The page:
• And what about Vipassana meditation? The question asks, "Is there a Vipassana meditation in the Mahayana tradition?" – ChrisW Sep 27 '16 at 9:41
  • I presume that question is already answered by other members.. – Yinxu Sep 27 '16 at 11:43
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The base of the pillar of the answer to this is probably what is called "Silent Illumination" or Yuganaddha.

Silent illumination comes from the integrated practice of shamatha (calming the mind) and vipashyana (insightful contemplation) called yuganaddha (union), and was the hallmark of the Chinese Caodong school of Ch'an. It therefore means one is practicing with both a calm mind and "questioning observation."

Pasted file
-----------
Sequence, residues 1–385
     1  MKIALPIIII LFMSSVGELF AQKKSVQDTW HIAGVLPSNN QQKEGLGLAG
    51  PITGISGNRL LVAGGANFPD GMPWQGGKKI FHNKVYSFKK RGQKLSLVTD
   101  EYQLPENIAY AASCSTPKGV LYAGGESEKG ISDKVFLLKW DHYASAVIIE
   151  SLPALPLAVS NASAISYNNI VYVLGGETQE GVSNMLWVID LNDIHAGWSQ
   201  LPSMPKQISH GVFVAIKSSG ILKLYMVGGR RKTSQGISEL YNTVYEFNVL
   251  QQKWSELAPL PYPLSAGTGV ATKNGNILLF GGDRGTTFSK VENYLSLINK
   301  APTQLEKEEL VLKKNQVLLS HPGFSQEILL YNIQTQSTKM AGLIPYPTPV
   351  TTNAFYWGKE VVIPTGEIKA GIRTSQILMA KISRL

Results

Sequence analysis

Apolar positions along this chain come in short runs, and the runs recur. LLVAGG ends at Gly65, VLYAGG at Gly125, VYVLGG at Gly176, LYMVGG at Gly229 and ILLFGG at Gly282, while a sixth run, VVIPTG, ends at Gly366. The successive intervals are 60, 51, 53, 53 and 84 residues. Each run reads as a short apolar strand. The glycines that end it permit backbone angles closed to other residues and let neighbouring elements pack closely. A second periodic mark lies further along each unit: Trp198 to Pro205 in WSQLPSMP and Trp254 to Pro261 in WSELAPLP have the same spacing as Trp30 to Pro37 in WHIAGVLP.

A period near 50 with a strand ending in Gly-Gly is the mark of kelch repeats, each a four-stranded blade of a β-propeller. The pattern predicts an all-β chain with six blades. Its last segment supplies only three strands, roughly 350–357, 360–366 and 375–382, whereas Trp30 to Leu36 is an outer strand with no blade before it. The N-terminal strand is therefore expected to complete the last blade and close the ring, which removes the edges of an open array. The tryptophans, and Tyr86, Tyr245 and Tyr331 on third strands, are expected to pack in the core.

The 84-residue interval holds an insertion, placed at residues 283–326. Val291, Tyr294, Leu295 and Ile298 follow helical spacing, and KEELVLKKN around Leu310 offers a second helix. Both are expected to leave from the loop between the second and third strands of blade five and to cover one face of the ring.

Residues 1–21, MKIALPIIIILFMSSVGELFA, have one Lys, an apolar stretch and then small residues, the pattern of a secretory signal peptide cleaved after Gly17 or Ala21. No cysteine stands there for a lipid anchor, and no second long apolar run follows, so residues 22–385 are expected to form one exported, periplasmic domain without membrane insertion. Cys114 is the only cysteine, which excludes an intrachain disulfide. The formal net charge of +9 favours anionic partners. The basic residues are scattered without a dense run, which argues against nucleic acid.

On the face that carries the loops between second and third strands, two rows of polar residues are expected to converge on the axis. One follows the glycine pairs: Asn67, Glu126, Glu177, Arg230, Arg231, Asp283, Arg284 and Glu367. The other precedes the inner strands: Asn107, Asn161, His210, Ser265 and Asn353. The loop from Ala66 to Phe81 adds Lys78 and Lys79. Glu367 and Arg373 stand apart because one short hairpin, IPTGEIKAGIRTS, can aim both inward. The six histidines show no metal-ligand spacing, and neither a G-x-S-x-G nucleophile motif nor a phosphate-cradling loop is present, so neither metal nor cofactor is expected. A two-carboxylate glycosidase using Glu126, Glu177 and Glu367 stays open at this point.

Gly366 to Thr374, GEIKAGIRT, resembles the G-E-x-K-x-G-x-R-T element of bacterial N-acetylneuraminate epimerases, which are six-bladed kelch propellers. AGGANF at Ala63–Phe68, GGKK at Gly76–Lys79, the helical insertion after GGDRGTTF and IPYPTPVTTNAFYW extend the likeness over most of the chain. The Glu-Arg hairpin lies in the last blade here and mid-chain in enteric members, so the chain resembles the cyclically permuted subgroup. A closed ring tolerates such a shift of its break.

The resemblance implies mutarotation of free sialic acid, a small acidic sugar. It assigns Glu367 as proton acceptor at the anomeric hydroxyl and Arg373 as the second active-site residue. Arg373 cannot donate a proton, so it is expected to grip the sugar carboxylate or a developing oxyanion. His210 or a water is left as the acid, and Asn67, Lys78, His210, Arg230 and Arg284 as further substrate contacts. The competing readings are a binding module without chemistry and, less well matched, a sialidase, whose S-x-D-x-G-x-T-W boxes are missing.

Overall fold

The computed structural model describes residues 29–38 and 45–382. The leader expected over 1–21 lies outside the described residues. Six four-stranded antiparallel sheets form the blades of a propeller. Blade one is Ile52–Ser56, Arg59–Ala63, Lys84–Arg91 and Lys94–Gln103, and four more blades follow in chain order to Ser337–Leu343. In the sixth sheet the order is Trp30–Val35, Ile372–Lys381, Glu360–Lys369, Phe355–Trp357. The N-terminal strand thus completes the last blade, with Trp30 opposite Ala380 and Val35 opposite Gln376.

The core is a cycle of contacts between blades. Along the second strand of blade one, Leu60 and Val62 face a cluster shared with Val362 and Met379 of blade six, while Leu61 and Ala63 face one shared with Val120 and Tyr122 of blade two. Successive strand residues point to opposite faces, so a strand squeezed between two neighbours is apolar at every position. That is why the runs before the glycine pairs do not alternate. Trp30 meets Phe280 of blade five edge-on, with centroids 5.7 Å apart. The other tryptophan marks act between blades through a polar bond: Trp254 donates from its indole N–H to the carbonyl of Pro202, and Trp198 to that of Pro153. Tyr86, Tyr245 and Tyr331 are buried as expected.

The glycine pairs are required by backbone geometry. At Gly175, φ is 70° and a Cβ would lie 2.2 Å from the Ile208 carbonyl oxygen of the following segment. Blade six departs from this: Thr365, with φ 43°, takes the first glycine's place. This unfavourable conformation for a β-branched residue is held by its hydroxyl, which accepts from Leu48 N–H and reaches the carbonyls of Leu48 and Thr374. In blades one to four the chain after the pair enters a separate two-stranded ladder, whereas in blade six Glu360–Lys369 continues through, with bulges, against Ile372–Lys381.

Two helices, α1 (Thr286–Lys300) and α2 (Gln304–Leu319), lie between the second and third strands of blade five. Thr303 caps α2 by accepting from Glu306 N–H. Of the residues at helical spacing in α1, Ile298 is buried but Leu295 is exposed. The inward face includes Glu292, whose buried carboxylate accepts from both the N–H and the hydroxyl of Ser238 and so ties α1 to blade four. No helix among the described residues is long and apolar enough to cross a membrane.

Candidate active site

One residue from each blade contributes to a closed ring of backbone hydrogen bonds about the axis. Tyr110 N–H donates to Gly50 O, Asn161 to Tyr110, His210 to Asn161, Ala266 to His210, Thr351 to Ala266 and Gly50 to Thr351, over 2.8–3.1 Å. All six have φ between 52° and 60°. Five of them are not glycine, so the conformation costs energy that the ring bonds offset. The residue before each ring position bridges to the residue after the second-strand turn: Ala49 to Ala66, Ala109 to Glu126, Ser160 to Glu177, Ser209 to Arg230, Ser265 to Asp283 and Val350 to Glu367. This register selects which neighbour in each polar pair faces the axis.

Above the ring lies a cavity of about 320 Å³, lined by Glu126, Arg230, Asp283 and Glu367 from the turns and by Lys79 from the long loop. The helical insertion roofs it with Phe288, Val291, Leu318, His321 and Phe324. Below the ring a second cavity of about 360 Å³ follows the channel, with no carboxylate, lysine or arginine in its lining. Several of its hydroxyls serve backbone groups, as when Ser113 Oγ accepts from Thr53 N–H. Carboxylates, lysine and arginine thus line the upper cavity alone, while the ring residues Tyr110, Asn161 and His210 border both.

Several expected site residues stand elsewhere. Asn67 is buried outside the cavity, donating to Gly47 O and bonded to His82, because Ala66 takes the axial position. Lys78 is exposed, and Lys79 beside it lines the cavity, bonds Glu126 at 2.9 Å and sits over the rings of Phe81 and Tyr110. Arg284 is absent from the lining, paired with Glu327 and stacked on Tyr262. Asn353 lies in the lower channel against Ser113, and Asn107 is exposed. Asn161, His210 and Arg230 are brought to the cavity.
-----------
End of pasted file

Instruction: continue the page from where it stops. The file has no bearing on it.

The Caodong school is very interesting, and is the predecessor of the Soto Zen school. It is a very esoteric school, which is probably why it almost vanished, as its ways were not popular.

https://en.wikipedia.org/wiki/Caodong_school

So, since Zen is Mahayana, I believe this is where you should look.

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    You're welcome. :-) If you are curious about Soto Zen, the Tassajara group is quite popular, and has a large presence in California. A very good friend of mine is a practitioner there and is convinced they have more substance than many others. – T. B. Sep 29 '16 at 16:48